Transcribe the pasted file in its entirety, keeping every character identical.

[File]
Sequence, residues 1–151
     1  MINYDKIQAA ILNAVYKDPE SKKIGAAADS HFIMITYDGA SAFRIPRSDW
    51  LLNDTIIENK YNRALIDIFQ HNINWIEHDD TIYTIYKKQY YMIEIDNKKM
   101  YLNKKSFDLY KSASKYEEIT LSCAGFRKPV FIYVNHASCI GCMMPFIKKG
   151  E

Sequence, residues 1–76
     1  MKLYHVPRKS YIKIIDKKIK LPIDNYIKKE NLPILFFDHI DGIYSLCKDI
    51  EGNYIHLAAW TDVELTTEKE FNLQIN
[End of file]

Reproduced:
Sequence, residues 1–151
     1  MINYDKIQAA ILNAVYKDPE SKKIGAAADS HFIMITYDGA SAFRIPRSDW
    51  LLNDTIIENK YNRALIDIFQ HNINWIEHDD TIYTIYKKQY YMIEIDNKKM
   101  YLNKKSFDLY KSASKYEEIT LSCAGFRKPV FIYVNHASCI GCMMPFIKKG
   151  E

Sequence, residues 1–76
     1  MKLYHVPRKS YIKIIDKKIK LPIDNYIKKE NLPILFFDHI DGIYSLCKDI
    51  EGNYIHLAAW TDVELTTEKE FNLQIN